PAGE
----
Problems with mine drainage generally develop when ground and surface waters enter mine sites and come in contact with primary and secondary minerals under oxic conditions. During contact with those minerals, the water may dissolve components of the ore and rock-forming minerals. Most of the processes involved are controlled by the EH-pH conditions at the water-mineral contact. If even relatively small amounts of disulphides, as pyrite or marcasite, oxidise and dissolve, the acidity formed can dissolve other water contaminants. Because metal or coal deposits are so diverse, the metals and the composition of mine water are unique at every mine site. Commonly, carbonate minerals are present and neutralize (buffer) the acid, leading to neutral or even alkaline mine water, which might still be harmful to surface and ground waters in a catchment area. Barnes and Clarke (1964) nicely summarised the problem associated with disulphide oxidation: “if mine workings could have been isolated hydrologically, operators, who must pump as much as 23 t of water per ton of coal from the anthracite mines of Pennsylvania, could have saved a great amount of money”. That was in 1964 and even today, after nearly all of the questions discussed by Barnes and Clark have been resolved, we are still far away from being able to definitively stop acid mine drainage and metal leaching. These problems were, in fact, described by Agricola (1556), and clearly existed long before that.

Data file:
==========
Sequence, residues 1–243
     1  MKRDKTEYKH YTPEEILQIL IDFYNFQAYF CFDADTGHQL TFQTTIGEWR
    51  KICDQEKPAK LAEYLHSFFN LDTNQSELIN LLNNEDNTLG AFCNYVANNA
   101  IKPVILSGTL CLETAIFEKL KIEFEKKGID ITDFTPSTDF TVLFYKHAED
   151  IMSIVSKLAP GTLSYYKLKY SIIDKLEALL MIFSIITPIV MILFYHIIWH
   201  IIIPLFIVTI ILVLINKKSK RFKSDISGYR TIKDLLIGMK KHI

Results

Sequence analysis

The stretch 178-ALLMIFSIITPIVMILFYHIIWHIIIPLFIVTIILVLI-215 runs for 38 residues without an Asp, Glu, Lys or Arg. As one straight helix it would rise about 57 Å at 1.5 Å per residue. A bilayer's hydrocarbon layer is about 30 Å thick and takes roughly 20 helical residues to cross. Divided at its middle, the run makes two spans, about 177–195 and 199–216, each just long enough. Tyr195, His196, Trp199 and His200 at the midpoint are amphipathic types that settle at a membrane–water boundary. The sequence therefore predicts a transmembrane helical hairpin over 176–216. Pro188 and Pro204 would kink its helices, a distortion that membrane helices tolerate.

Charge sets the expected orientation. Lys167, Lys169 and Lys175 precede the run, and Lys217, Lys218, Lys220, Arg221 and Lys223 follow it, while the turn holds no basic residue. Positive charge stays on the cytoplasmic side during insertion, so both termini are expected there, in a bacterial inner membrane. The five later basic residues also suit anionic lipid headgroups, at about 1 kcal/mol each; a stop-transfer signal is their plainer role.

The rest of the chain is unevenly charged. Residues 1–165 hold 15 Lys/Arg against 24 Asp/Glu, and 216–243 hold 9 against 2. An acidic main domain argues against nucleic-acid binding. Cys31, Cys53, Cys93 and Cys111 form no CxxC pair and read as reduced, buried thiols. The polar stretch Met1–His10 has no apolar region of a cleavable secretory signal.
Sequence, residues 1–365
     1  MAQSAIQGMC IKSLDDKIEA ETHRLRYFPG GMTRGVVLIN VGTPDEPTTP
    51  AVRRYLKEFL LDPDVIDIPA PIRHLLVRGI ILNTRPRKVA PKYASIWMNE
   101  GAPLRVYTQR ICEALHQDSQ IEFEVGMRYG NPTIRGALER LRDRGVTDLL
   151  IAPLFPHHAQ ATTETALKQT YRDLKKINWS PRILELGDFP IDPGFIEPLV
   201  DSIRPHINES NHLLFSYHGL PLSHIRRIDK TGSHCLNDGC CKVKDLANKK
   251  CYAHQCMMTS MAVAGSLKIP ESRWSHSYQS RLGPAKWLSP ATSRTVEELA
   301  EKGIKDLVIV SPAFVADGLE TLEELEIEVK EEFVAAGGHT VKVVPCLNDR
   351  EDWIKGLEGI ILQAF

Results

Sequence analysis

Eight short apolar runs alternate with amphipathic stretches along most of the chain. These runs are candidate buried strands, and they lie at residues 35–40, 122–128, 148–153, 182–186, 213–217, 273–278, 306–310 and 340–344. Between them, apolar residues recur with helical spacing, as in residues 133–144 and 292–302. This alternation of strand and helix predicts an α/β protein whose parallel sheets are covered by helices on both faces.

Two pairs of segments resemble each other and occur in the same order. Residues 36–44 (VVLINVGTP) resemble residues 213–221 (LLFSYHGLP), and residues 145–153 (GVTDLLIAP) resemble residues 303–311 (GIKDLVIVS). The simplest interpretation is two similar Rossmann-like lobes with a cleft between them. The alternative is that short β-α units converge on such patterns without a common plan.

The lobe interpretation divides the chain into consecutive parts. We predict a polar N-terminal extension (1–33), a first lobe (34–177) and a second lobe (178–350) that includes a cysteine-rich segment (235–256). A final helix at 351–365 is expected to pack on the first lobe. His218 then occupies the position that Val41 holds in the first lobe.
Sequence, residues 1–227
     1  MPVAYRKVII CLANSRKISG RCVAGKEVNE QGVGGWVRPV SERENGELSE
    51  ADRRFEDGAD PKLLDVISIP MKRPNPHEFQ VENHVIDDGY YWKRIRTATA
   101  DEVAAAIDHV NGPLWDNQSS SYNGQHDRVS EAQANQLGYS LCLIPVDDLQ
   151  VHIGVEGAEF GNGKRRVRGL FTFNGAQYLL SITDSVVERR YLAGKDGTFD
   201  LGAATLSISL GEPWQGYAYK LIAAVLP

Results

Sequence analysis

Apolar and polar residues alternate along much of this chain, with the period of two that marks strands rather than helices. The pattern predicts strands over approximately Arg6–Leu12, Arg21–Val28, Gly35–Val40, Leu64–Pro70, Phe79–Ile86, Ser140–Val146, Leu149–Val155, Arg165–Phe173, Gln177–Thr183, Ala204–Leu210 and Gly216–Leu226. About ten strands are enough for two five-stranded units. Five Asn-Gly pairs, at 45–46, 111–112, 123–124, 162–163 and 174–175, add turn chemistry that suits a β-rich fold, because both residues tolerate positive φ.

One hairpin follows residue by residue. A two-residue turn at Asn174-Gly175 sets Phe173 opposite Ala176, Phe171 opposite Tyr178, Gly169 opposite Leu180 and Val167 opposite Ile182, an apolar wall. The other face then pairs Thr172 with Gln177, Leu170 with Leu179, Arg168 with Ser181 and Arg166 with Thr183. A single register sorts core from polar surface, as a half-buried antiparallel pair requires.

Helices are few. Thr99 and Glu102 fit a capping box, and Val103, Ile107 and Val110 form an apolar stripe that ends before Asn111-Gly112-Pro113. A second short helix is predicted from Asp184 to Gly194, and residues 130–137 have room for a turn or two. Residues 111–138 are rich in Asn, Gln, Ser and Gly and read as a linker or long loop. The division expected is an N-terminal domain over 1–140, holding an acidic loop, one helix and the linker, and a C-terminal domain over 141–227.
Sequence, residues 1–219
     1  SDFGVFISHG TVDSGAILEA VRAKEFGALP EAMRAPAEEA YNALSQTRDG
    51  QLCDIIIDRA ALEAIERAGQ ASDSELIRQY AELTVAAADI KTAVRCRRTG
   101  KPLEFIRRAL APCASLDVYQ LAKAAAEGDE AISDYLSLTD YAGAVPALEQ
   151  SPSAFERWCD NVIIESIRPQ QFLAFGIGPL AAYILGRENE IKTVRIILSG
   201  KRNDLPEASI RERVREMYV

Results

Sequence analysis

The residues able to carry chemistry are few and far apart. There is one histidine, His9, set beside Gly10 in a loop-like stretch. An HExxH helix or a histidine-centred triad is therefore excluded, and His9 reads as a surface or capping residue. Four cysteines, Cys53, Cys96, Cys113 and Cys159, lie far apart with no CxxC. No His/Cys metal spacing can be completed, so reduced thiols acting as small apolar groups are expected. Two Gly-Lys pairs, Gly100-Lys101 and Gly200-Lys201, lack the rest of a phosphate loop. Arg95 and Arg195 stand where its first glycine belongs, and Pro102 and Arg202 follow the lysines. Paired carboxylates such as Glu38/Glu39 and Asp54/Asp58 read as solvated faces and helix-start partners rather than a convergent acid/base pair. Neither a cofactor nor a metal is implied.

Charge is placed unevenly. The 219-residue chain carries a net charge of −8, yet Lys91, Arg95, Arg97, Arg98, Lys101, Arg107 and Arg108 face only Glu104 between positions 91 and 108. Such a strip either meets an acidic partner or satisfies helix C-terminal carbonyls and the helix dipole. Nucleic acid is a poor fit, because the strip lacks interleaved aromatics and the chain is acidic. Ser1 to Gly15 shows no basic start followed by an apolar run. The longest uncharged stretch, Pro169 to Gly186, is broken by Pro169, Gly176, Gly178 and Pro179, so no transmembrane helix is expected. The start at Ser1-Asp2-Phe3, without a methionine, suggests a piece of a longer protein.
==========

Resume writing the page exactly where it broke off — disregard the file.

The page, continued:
Mine Water Radon Concentration Pyrite Oxidation Acidithiobacillus Ferrooxidans Excavation Disturbed Zone 
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© Springer-Verlag Berlin Heidelberg 2008

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